Today, we kick off a three-part series on what gets in the way of matching the right teachers with the right schools. Part one dissects the flawed teacher placement system that can undercut schools from making straightforward choices on the fundamental issue of who teaches in their classrooms.

We also explore how the system influenced charter schools to secede from the school district, how principals manipulate the rules and why the system evolved this way in the first place.

If you’ve been wondering why I’ve been a little more quiet than usual in the past few months, this is why! Parts two and three will be up later today and Tuesday.

And now for the rest of your newsblitz:

 

  • The budget still looks pretty grim for San Diego Unified, the Union-Tribune reports. City News Service quotes a school board member on finding out that there might be only $237,000 in discretionary money by July 2012: “$237,000? We spend that in a sneeze in this place.”
  • Both the North County Times and the Union-Tribune delve into a teen leadership program called PLUS at a San Marcos high school. One teen says, “I want people not to feel isolated. I want to spread unity throughout our school.”
  • A new report finds that the neediest students in California are still being taught by the least prepared teachers, and that teachers aren’t being taught to emphasize critical thinking and problem-solving, the Los Angeles Times writes. The San Francisco Chronicle focuses more on the teacher training angle of the report.
  • Also in the Los Angeles Times: A charter school is opening its own coffee shop to raise money.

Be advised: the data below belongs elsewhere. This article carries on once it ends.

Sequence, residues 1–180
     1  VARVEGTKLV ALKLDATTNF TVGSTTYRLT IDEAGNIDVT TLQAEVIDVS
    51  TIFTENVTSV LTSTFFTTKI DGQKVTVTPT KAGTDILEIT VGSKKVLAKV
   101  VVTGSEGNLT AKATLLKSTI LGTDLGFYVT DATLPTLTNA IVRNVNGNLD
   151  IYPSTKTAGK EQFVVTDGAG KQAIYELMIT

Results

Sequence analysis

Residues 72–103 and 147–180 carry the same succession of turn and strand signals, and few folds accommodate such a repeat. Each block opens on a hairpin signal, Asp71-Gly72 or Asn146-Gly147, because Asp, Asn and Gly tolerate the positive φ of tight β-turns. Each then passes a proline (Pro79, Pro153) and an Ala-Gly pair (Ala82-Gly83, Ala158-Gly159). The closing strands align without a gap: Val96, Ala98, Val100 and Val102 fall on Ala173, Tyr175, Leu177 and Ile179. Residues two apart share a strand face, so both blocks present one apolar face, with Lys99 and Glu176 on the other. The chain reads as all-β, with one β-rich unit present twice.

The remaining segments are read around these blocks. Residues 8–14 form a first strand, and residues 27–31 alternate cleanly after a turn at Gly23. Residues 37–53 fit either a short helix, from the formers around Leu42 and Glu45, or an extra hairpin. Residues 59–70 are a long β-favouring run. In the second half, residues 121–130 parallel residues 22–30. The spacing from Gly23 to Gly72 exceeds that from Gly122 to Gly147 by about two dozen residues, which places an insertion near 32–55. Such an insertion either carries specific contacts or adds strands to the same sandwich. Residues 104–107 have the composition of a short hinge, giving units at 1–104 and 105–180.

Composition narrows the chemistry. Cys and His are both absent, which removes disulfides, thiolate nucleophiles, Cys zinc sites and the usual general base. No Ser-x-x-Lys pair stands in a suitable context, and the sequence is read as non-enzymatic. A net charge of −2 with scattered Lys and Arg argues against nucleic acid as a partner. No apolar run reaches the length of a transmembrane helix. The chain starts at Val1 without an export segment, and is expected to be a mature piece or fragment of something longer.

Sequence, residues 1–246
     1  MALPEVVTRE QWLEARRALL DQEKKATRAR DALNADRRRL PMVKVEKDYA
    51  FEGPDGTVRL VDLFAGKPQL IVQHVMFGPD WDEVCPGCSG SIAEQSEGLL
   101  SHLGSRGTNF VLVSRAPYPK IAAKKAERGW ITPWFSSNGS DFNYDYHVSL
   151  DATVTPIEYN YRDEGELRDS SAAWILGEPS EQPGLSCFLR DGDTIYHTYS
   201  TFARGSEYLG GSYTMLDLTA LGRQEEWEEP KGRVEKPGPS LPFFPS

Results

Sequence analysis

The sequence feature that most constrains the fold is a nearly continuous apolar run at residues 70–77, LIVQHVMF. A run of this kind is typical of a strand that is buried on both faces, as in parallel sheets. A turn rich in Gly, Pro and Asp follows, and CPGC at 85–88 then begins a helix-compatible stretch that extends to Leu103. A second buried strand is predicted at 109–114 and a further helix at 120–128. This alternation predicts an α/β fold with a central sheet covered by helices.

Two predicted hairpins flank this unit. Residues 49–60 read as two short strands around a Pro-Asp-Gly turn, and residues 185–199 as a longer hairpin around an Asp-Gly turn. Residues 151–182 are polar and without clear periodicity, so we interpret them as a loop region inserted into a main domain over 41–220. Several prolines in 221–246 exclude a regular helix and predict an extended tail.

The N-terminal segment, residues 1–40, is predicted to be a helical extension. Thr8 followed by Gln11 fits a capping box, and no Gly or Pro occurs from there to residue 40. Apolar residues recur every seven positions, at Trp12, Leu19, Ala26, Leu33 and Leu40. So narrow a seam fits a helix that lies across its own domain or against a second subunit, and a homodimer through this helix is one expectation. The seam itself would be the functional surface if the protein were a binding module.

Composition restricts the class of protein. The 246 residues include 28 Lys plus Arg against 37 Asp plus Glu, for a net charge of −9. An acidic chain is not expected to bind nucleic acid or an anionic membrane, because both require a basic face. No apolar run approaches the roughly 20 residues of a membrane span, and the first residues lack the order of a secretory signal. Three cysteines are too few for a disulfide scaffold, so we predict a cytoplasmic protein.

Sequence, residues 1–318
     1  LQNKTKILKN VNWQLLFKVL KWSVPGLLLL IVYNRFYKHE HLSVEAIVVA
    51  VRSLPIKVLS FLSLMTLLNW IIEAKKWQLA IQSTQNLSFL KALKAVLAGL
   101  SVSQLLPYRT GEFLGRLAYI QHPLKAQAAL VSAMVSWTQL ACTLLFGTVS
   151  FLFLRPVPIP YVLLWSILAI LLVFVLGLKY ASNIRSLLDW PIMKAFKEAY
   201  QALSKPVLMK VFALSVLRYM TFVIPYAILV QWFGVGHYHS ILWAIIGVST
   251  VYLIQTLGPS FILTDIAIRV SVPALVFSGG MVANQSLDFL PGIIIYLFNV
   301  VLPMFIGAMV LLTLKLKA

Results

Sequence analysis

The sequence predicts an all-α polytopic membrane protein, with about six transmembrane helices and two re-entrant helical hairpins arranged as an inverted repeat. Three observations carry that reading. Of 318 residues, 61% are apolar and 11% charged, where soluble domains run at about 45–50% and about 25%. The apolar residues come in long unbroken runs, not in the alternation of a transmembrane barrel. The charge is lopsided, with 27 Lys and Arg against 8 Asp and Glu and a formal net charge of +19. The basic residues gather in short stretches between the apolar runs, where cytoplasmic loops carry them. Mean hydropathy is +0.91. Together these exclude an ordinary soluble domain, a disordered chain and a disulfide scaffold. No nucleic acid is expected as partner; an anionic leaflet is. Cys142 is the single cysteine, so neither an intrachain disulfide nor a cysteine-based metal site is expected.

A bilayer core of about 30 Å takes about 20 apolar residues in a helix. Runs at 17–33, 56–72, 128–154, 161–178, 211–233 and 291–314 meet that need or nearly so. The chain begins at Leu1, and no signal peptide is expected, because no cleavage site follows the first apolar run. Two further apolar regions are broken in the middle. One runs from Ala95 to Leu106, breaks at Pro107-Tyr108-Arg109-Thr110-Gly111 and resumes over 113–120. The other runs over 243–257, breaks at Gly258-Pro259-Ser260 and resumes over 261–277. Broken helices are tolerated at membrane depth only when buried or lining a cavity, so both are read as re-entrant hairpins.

• Cupertino schools may raise class sizes and eliminate the gifted and talented program to save money, the Cupertino Courier writes (reprinted in the San Jose Mercury News). Sound familiar?
  • Editorials on education: The Los Angeles Times opines that California’s pursuit of more school stimulus dollars has been reckless. The Union-Tribune praises those San Diego Unified math scores and argues that this is why we need tests.
  • The Associated Press does a nice job explaining the political debate over California vying for more school stimulus money. The San Jose Mercury News zeroes in on the issue of charter schools, which Schwarzenegger advocates, and how that’s shaping the debate.
  • Joanne Jacobs blogs that academic tracking, which puts kids on different paths through their coursework, has fallen off in middle schools, a study finds.
  • The Washington Post reports that a new bill would quadruple the federal funding for performance pay, which gives teachers more money for doing well on multiple criteria, not just test scores. Meanwhile in Boston, one such bonus is overruled by an arbitrator who says it violates the teachers’ contract.

— EMILY ALPERT

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